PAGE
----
Read:Millionaire dentist jailed for ‘wiping the smiles off the faces’ of hundreds of patients

“Given the large country scales, studies in Chad and Ethiopia in particular should be considered a priority.”

Hyenas thrive throughout Africa, with over 100,000 individuals, but this number dwindles dramatically across the savannah.

However, wild dogs suffer the most – an estimated 70 adults are left in the wild.

The study, published in the journal PeerJ, is the first of its kind – based on a systematic review of population assessments over the past two decades.

The international team has found that biodiversity monitoring may not be distributed evenly or occur where it is needed most.

Computer models have shown that ratings are biased towards South Africa and Kenya. North, West and Central Africa are underrepresented.

Hyenas thrive throughout Africa, with over 100,000 individuals, but this number dwarfs dramatically across the savannah.

Hyenas thrive throughout Africa, with over 100,000 individuals, but this number dwarfs dramatically across the savannah.

However, wild dogs suffer the most - an estimated 70 adults are left in the wild

However, wild dogs suffer the most – an estimated 70 adults are left in the wild

Most of the studies were conducted in government-run tourist areas; Unprotected areas and trophy hunting have received less attention.

Reducing biases will help ensure there is an adequate knowledge base for all species and areas of conservation interest, which could improve their prospects, according to the scientists.

Strampelli and his colleagues called on foreign donors and researchers to increase the participation of local scholars, students, and practitioners in future evaluations.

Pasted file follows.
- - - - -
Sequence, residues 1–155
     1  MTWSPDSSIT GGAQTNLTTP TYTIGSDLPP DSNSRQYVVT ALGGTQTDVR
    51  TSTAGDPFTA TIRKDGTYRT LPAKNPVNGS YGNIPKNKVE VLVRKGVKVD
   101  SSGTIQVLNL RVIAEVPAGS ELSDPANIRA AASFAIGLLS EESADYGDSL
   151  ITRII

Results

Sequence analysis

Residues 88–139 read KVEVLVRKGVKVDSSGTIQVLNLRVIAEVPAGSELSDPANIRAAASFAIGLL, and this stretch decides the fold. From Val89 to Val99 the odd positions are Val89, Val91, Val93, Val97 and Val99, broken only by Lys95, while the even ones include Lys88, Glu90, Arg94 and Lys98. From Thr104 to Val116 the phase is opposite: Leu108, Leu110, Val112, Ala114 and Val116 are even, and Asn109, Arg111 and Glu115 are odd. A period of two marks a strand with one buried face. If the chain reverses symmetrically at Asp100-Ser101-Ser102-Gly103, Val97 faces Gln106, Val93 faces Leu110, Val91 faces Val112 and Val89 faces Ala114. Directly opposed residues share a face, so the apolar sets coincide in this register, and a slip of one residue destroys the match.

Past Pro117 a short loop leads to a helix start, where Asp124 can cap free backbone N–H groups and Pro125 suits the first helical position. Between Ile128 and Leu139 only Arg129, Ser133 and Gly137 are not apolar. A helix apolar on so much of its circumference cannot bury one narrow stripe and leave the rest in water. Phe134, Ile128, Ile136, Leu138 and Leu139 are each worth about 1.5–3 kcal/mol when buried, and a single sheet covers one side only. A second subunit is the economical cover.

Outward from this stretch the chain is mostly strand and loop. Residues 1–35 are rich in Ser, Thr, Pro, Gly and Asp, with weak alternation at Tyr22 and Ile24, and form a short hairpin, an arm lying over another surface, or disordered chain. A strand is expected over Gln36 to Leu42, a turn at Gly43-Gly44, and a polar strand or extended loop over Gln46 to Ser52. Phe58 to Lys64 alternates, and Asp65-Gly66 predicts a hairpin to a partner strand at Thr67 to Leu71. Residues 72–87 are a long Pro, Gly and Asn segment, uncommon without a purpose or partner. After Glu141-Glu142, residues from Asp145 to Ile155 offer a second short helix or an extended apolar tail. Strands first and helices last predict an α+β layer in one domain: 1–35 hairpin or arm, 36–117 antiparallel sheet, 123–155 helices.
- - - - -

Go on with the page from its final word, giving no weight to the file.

These include providing training, financing and equipment. Donors and funders should encourage efforts in areas and species that are not well studied.

This will ensure that saving occurs where it is needed most. Population assessments are required for striped hyenas.

Further population assessments of the African wild dog are necessary, particularly given that the species is critically endangered.

These efforts are particularly needed in countries that have been identified as critical to the species.

Recent evaluations have not been conducted in some countries, including Botswana and Tanzania.

“There is an urgent need for additional assessments of leopard numbers, particularly in northern, western and central Africa,” Strambelli said.

Given the large country scales, studies in Chad and Ethiopia in particular should be considered as a priority.

As in the case of African wild dogs, it is recommended that techniques for monitoring cheetah populations be developed and standardized, including exploration of citizen science-based methods.

Previous post
The vast warehouse full of former Made.com stock a Welsh auction house is selling off for a fraction of the price
Next post
Police confirm quiet street in Shevington cordoned off after body was found